See, the clairvoyant developers of this game clearly knew that FMV was simply a passing fad, so they decided to make it more of an interactive Choose Your Own Adventure book. PDWT, as the cool kids call it, focused on the same principal of those books, with a short "cutscene" playing before a series of choices were given to you. Choose the right option, and you followed the nookie brick road. Choose the wrong option, and you had to start all over until you trial-and-errored yourself to victory. These sorts of games are known as "dating sims" in Japan, and are a huge market over there. Of course, in a Japanese dating sim, your love interest is usually a green haired tween who is constantly being raped by the general populous of your town until you declare your true love for her after sleeping with every other girl in existence. Oh, and she's almost always your cousin. Tentacle rape is extra, of course.

Why I love it: No. Fucking. Idea.

Highlight: I actually paid money for a game in which a shirtless guy plays air guitar with a plunger and lived to tell about it.

01. Leisure Suit Larry: Magna Cum Laude (PS2, Xbox and PC)
Concept: Take a PC point-and-click classic and update it for the corn chips and beer bong generation.

Why it's so bad: Oh dear, where to start?

You play as Larry Lovage, nephew of middle-aged stud muffin Larry Laffer (star of the previous games in the series). Two feet tall, stuffed in a powder blue suit, and forever cursed with a head larger than his body, our friend Larry embarks on a journey to possess the one thing he so craves in life: a female willing to mate with him. Being a 30-plus college senior with the sex appeal of a wounded otter, Larry's only chance is to find a way onto the TV dating show Swingles. This deeply enthralling plot is more or less the driving force throughout, with the disembodied head of Mr. Swingle giving you the rundown at the opening of each chapter.

The chapters consist of three different "ladies" that you'll need to swoon in order to advance. The lineup of females rivals the rogues gallery of Batman with its depth, rife full of stereotypes so blatant that they're almost subtle. You have Analisa, the Italian girl who may or may not be affiliated with the mob (leaning towards the may, just a hunch); Barbara Jo Bimbo (or BJ Bimbo, get it...?); Ioni, the prude that you end up turning into a lesbian; lastly there's Koko, who's actually a man, only you don't find out until the worst possible time. This is only a handful of the crazies you'll meet. Each one is encountered in the exact same way. First a conversation scene, in which a scrolling sperm decides how smooth Larry talks. Next is a minigame of some sort. There are a total of about five types: quarters, a Tapper clone, jumping on a trampoline, photo-taking and, lastly, running wildly and collecting things (usually while naked). Every girl conquest goes like this: talk, minigame, talk, minigame, talk. Every single one. You will play quarters roughly 203,478,561 times before the end of the game. You will get laid 1.5 times (I'm not really sure if making out with the band geek while wearing the mascot's costume counts, hence the .5).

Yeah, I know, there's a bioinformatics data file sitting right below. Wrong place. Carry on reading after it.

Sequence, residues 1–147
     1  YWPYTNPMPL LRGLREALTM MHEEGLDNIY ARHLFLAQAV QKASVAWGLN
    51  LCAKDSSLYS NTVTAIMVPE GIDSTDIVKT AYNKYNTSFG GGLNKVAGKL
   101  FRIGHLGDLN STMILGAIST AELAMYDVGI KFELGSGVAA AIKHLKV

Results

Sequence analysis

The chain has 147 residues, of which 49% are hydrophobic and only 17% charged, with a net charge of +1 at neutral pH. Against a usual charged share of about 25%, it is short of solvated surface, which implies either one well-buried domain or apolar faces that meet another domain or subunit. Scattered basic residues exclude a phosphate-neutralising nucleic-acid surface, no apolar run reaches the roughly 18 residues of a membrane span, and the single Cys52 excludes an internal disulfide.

In between the girlie hunting, you'll experience the joy of public urination, playing quarters with a monkey, and ruining a game of hackey sack with one well-timed expulsion of flatulence, all the while playing Dennis the Menace to the Assistant Dean's Mr. Wilson and getting the occasional helpful tip from the Porn Fairy (who looks way to much like Ron Jeremy). Eventually, you'll end up on Swingles, along with three of the girls you tried to shag earlier in the game. Let it be known that for all of its flaws, perhaps this game's greatest crime is implying that a girl named Morgan knows jack shit about video games.

Why I love it: I suppose this is the part where I slip into the movie trailer voice and spout crap like, "It's the fell-good hit of the summer," or, "It's Animal House meets that other movie that was kinda like Animal House! But the truth is, I don't have any sort of reasoning for this one. The only thing the game does have going for it, despite its flaws, is those conversation segments. Even when Larry screws up, the random crap that he spews forth is quite legitimately hysterical.

Beyond that, it's a game that, weird as it sounds, is quite charming in places. Larry shedding his clothes to help a tree-hugging activist is almost noble. His D&D game with Morgan, almost too genuine in its most offensive moments. And his Grease-style duet in a gay bar is, dare I say, sweet.

Sure, as a "pure game" it's shallow, but I've saved the princess, won the Super Bowl, stopped the planet from exploding and ran errands for nameless RPG villagers more times that I can count, but in only one game can I trade brains with a monster-bating monkey, thwart a top heavy Russian spy and help a drunken hobo get it on with a elderly liquor store clerk named Sweet Lou.

Highlight: Mr. Swingle, the floating head that narrates your journey. He is the combination of a used car salesman and your worst nightmares.

At the end of the day, I think it all comes down to the eternal battle of good and evil. You see, if it weren't for these abominations, how would we possibly know what good is? Good needs evil to survive. Batman needs the Joker. Citizen Kane needs Saw IV. And clearly, every Chrono Trigger needs a Shaq Fu if we're to have any hope for the future.

Now go clean yourself off, you've suffered enough.

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Part one
Part two